Museums Off the Beaten Track


Museums Off the Beaten Track

We often travel far and wide to see unusual places. Even so, we often miss very interesting sights right in front of our very eyes. Three unusual museums in northeastern Iceland are a find for the tourist who thinks he has seen it all.

Published in the 2012 issue of Issues and Images. Text and photos by Benedikt Jóhannesson.


The Icelandic Folk and Outsider Art Museum

Folk art and naïve art or nativists are not high on every art fan’s list. The sometimes primitive and often unusual works of art by little-known members of the public may bring forth a smile of pity or arrogance. Many find it hard to take the art of “amateurs” seriously. One who does is Marínó P. Hafstein, who runs the so-called Safnasafn or Museum-museum just off the road by Svalbardseyri, a few kilometers east of Akureyri.

The modern, bright exhibition halls are in sharp contrast to the stereotype of a museum of outsider art, often found in seedy old barracks or dark basements in shady alleys. In the summer of 2012, it features an exhibition by Pálmi Kristinn Arngrímsson, an old man who carves figures out of wood. Another show features the primitive and often scary statues by Ragnar Bjarnason, who used to display them in his garden in Reykjavík.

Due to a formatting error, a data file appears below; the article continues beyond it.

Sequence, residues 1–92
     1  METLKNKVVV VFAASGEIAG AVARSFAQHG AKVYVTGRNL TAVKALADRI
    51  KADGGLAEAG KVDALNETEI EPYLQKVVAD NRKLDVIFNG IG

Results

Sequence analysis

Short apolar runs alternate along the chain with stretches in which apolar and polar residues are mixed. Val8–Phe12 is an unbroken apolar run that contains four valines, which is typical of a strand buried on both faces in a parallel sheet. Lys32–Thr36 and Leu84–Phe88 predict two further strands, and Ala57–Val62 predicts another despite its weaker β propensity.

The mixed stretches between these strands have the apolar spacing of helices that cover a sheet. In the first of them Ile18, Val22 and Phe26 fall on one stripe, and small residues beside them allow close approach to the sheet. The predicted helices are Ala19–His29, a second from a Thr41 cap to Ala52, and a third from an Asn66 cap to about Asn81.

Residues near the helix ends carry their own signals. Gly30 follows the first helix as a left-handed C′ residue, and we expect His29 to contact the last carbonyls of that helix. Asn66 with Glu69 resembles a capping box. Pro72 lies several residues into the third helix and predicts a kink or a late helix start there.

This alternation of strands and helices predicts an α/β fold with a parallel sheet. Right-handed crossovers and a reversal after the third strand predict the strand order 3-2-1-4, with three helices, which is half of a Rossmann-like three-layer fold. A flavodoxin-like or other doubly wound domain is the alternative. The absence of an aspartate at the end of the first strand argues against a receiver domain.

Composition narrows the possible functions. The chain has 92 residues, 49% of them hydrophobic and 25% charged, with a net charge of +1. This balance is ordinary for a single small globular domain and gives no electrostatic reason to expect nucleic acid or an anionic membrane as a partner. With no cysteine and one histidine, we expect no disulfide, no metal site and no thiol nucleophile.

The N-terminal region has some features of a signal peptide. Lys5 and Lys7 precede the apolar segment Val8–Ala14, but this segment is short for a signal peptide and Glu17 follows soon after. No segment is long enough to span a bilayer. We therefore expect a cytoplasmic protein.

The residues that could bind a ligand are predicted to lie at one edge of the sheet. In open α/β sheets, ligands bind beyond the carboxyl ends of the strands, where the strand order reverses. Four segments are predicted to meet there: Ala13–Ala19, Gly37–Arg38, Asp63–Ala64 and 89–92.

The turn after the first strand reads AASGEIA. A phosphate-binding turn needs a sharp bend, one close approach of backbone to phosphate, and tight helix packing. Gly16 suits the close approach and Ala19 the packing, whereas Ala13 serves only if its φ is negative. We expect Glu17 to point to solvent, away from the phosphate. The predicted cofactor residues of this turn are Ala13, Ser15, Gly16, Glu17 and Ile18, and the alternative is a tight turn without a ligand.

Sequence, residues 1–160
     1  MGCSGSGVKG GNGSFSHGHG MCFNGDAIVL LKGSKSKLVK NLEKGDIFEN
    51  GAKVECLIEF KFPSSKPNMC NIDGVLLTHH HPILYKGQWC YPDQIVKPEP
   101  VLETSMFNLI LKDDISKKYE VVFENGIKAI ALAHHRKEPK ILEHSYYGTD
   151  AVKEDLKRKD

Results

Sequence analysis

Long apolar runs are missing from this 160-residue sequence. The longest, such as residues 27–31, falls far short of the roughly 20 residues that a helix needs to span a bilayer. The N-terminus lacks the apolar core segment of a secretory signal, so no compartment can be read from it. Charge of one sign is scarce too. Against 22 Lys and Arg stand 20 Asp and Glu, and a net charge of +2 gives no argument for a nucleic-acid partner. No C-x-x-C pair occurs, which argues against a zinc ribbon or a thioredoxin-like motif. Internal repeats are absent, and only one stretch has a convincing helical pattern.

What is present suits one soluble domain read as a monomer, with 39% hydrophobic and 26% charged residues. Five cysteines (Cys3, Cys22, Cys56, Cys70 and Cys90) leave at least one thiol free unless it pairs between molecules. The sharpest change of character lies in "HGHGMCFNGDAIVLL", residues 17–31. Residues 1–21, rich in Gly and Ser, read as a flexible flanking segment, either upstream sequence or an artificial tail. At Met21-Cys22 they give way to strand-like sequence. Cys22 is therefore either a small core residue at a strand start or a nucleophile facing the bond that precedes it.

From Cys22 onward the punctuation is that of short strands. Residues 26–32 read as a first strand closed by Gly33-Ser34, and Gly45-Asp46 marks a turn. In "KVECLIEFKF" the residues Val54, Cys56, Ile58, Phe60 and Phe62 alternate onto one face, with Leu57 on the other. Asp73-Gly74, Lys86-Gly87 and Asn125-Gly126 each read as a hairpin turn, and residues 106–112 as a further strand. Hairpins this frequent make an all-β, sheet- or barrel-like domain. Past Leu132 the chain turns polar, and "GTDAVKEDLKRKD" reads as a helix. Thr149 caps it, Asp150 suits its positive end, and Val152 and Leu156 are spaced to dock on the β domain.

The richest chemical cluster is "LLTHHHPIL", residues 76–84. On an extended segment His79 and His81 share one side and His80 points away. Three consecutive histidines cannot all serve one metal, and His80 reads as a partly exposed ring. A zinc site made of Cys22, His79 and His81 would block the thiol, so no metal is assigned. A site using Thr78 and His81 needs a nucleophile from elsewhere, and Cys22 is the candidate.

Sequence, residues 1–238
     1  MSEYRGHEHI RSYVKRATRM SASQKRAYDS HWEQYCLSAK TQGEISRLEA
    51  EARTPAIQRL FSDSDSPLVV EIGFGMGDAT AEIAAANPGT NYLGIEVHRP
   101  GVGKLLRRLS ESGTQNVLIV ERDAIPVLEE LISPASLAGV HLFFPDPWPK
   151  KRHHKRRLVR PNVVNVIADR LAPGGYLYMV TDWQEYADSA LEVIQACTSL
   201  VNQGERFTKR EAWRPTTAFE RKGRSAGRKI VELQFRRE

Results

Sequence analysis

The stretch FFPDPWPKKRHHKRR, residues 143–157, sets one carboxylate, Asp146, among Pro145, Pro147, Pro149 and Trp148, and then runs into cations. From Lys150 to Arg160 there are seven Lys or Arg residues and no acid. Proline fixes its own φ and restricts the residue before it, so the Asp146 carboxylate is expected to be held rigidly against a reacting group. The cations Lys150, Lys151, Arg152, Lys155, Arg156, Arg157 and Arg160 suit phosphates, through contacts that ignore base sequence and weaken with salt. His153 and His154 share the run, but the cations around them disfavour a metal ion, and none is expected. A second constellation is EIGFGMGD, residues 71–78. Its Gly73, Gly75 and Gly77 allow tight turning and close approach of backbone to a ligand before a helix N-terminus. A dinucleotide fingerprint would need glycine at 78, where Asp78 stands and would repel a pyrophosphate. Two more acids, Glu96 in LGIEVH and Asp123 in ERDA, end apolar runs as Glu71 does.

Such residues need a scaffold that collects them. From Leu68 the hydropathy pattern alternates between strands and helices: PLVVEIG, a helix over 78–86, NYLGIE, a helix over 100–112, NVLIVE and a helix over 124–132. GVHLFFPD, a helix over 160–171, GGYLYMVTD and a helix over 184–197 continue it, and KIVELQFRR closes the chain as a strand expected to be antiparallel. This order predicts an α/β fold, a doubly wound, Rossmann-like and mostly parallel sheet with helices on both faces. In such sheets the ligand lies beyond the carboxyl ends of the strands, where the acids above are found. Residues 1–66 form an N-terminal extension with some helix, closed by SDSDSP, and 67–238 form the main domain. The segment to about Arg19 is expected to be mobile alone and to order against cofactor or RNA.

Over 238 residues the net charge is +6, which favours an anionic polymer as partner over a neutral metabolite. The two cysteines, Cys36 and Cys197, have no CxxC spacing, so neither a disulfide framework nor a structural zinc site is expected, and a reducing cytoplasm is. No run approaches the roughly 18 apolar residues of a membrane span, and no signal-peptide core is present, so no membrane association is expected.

The formal English name is the Icelandic Folk and Outsider Art Museum. At present it stores approximately 4,100 works. The museum has an extensive exhibition area, a library and research facilities, as well as accommodation for tourists, visiting artists, and scholars. Every year 12-15 new exhibitions are on display in the museum, along with paintings, drawings and sculptures. The collection also encompasses embroidery, models, souvenirs, books, dolls, toys and tools, thus presenting an interesting view of various outlets for creativity and what inspires them.

You will leave this museum in a better mood than when you came in.

Mánárbakki Folk Museum

Another very special museum is situated about 20 kilometers north of the town of Húsavík, the now famous whale capital of the north. Many folk museums in Iceland collect items from the 19th century. The museum at Mánárbakki is different. Sure, it features the old spinning wheel, but what makes it different is that is displays so many everyday items from the 20th century. The owner and curator, Adalgeir Egilsson, has been a compulsive collector from early childhood. He collected matchboxes, chocolate wrappers, cups and saucers, stacks of playing cards, postcards, etc. You name it, Adalgeir collected it. In many marriages this might cause a problem, but Adalgeir was lucky because his wife shared his interest in collecting. In the year 1995, they moved the collection from their basement to a wooden house called Thórshamar, which they bought in Húsavík and moved to their farm at Mánárbakki.

You can read the remainder of this article in the 2012 issue of Issues and Images. Click here to download your free copy.